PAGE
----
Natalie Hage of Dallas, Texas, is a full-time student, plus-size model, and social media influencer. She's built a platform on promoting body positivity and health at every size — but on Friday, Hage's message was put to the test when she came face to face with a body shamer on an American Airlines flight to Los Angeles.
Hage, 30, had paid nearly $70 for extra leg room, and boarded to find only middle seats remaining. Upon sitting down, the welcome she received from the man to her left was less than warm. "I could tell from the second I walked up that he was bothered," she told TODAY. "He was making it very clear — jerkily arranging himself in his seat, slamming his seat belt — obviously distressed that I was alive next to him. I almost asked him if he was OK, it was so dramatic."
Then she noticed him putting his phone between his knees, with his finger near the camera button. She suspected he was taking pictures of her — and when she glanced down at his phone, she saw a stream of derogatory comments that the man didn't even seem to be trying to hide.
"Hopefully she didn't have any Mexican food," said whoever was on the other end of the text message.
"I think she ate a Mexican," the man had responded, later adding, "If the news reports a DFW Airbus A321 leaving the runway without rotating, that would be my flight."
Hage was shook. "I mean, I have a body-positive platform ... even I, in that moment, felt an inch tall," she told TODAY. "On a computer, you can delete it or scroll past it, but to have it happen in front of my face was surreal. The whole flight, I wanted to disappear."
But as Hage thought about the message she spreads online, "I knew I needed to practice what I preach," she explained. "If I didn’t say something, I’d regret it forever. I’d be a hypocrite ... I’ve made a platform to make people feel good about taking up space in the world, and this dude wanted to make me feel bad for existing."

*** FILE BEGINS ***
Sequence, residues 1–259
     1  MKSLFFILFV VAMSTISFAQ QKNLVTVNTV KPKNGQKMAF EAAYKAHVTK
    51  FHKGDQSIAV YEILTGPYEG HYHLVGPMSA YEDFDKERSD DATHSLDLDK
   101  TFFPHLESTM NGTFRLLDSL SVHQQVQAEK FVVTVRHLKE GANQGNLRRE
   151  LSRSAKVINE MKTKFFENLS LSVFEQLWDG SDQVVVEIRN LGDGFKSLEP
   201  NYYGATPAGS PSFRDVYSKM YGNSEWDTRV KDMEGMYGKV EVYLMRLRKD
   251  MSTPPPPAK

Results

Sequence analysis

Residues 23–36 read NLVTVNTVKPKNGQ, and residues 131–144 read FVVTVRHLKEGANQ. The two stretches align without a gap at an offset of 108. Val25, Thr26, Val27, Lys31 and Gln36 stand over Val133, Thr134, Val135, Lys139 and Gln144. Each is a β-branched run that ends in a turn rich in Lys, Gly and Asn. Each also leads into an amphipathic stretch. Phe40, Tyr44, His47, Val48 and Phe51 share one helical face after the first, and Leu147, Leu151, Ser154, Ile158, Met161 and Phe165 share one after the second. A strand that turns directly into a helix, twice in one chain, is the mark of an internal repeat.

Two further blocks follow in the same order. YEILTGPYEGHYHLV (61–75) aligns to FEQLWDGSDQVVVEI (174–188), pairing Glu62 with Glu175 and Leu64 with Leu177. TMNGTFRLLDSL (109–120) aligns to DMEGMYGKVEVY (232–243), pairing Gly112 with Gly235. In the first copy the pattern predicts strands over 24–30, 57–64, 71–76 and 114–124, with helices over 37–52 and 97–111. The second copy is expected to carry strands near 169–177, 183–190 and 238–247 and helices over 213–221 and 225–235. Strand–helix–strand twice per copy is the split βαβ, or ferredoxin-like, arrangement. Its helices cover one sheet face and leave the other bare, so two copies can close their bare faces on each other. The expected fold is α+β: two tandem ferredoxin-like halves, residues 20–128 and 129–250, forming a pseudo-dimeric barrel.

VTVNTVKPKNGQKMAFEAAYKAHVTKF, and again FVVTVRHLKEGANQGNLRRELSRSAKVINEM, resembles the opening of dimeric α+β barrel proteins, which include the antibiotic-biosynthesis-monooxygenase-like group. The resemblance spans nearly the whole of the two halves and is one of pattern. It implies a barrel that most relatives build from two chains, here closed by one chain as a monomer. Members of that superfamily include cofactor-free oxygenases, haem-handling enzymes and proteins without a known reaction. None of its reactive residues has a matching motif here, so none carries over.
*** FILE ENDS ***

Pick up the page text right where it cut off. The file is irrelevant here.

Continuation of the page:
Hage decided to address the man at the end of the flight, so as not to cause a disturbance and allow for a quick exit if necessary. She filmed the interaction and posted it to Facebook, where it now has more than 1.2 million views.
The man, named Eric, first denied the comments, but then apologized when Hage quoted his words back to him and revealed that she had photographic evidence of the exchange. As she challenged him, though, he lashed out again, asking her if she felt that she should be sitting in an exit row where she might need to help others in an emergency. Hage said she kept her composure, explaining that she in fact works out five times a week and that she was a model on her way to a photo shoot. He apologized again and, oddly enough, offered to buy her dinner "for the trouble."
Hage told TODAY that Eric's assumptions were unfortunately consistent with her experience as a plus-sized woman. "I've gotten crap at work — people saying that I looked messy or dumpy or wasn't trying hard enough — even though I put money and time into the way I would dress," she said. "I've had people yell stuff out of their cars, make comments about things in my grocery cart ... little microaggressions, like people huffing and puffing trying to get past me."
She hopes people who hear this story will feel inspired to treat others with kindness, but also to check their assumptions about larger bodies. "You don’t know anything about somebody by the size of their body. You know the size of their body," said Hage. "You don’t know what they eat or don't eat, if they exercise or don’t, how they got that way, if they’ve been much bigger and this is the smallest they’ve been. Out of the cool opportunity to get to know people in this world, you miss out on the chance to connect with another person because you decided to judge them instead."
She added, "We're all in this life together ... Learn how to be a kind spot in someone's day."